Thursday, 14 July 2022

Tool time: Drill guides

I got a drill guide and a doweling jig, after a situation where these might have been useful. But I can at least blog about them.

In the past I have managed with drilling through a wooden block and using that as a guide, but these ad hoc pieces easily get lost and mixed up.

When ordering from the internet, half the trouble is knowing the Finnish words for some items. Again, when writing this blog, there's the added trouble of finding the English words.


Wooden dowel pin : Poratappi
Drill Guide : Porausohjain
Drill Stop/Depth Stop: Poraussyvyyden rajoitin(!)
Dowel joint: Tappiliitos, Poratappiliitos
Doweling Jig/Dowel Gauge : Tapitusohjain
(Dowel drill) centre point : Tapituskeskitin
Hex key/Allen key/Allen wrench :  Kuusiokoloavain

Often Google Translate can't figure these out correctly, and the terms are not certain to begin with. According to GT, tapitusohjain is "Tap Controller", and poratappi is "Drill Pin".

Looking at item lists of complete doweling kits was the easiest way to reveal the terminology.

Dowel joints aren't exactly the state of the art, but they can be done at home without huge tools. At least somewhat precise positions and 90 degree angles are needed, so guides like these can be handy.

First, the Wolfcraft Dowelmaster jig:

This jig has an adjustable/removable block that helps position the jig against an edge. Then I can drill 6mm holes through the device.

The drill stop is almost necessary for preventing accidentally drilling through the material. The stop is tightened in place using a tiny Allen key. It did keep falling out, though, it would work better on the non-bladed area of the drill.

At this position drilling the right hand side was rather easy. To make a 6mm hole at the left side was trickier because the tool can't be mirrored. (The holes are for 6, 8 and 10mm pins respectively)

Drilling the holes through the edge was little harder, it would be helpful to have the piece attached somewhere.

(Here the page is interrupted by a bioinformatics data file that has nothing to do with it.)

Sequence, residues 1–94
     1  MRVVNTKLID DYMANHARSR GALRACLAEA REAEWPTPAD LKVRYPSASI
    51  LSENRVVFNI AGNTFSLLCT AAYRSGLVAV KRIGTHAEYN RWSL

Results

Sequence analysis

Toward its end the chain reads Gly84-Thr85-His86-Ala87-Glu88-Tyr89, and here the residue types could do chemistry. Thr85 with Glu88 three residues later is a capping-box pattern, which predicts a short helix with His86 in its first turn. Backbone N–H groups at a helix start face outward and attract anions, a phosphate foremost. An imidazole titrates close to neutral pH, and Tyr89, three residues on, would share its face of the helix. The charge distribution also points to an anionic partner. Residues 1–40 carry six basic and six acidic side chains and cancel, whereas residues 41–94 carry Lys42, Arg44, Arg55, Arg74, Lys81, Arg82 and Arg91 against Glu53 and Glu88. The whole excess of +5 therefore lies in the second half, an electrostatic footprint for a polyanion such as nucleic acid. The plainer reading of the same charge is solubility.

As can be seen my test joint is not very precise. But the result was ok considering the wood was not very even or cut very accurately, I wouldn't blame the jig here.

The idea of keeping the device at place with your hands is fast, but also kind of crap. Especially here when working with small pieces I kept trying to find a good position.

There are more straightforward jigs that can be clamped to the piece. But the Wolfcraft jig has a few tricks up its sleeve. The contraption can be held diagonally against the edge of the wood, the edge held firmly within the "X" shape of the jig. There are two ways to do this depending on the thickness of the wood. The pinhole position can't be adjusted but at least the holes will be equidistant.

I liked the simple drill guide. ("accumobil Mobile Drilling Aid") It's not specifically made for dowel pins, but it does have the 6,8,10 sizes.

The device is better used upside-down, because what looks like the top works better for the special cases of drilling into a corner or a round object.

There are also marker lines around the guide. If you want to use them you have to mark your boards very generously because otherwise they are not very easy to see. 

Here the wooden piece is so small I couldn't even check the lines from all directions. It may be a better to make ~2mm deep initial drillhole and then finish the job with the guide.

Here I also made use of the drill centre points, these small metal pins.

The idea is that the drill hole positions don't need to be super-precise. Drill holes into the first board, then put the centre points in the holes. The second board (edge) is pushed agains the pins and the drill locations will be correctly marked.

For the edges, I again used the doweling jig, and I wasn't very comfortable with it but the result was fine. It would work much better if I had gone through the trouble of clamping and positioning the parts with more care.

So, altogether these felt robust enough for my purposes.

No comments:

Post a Comment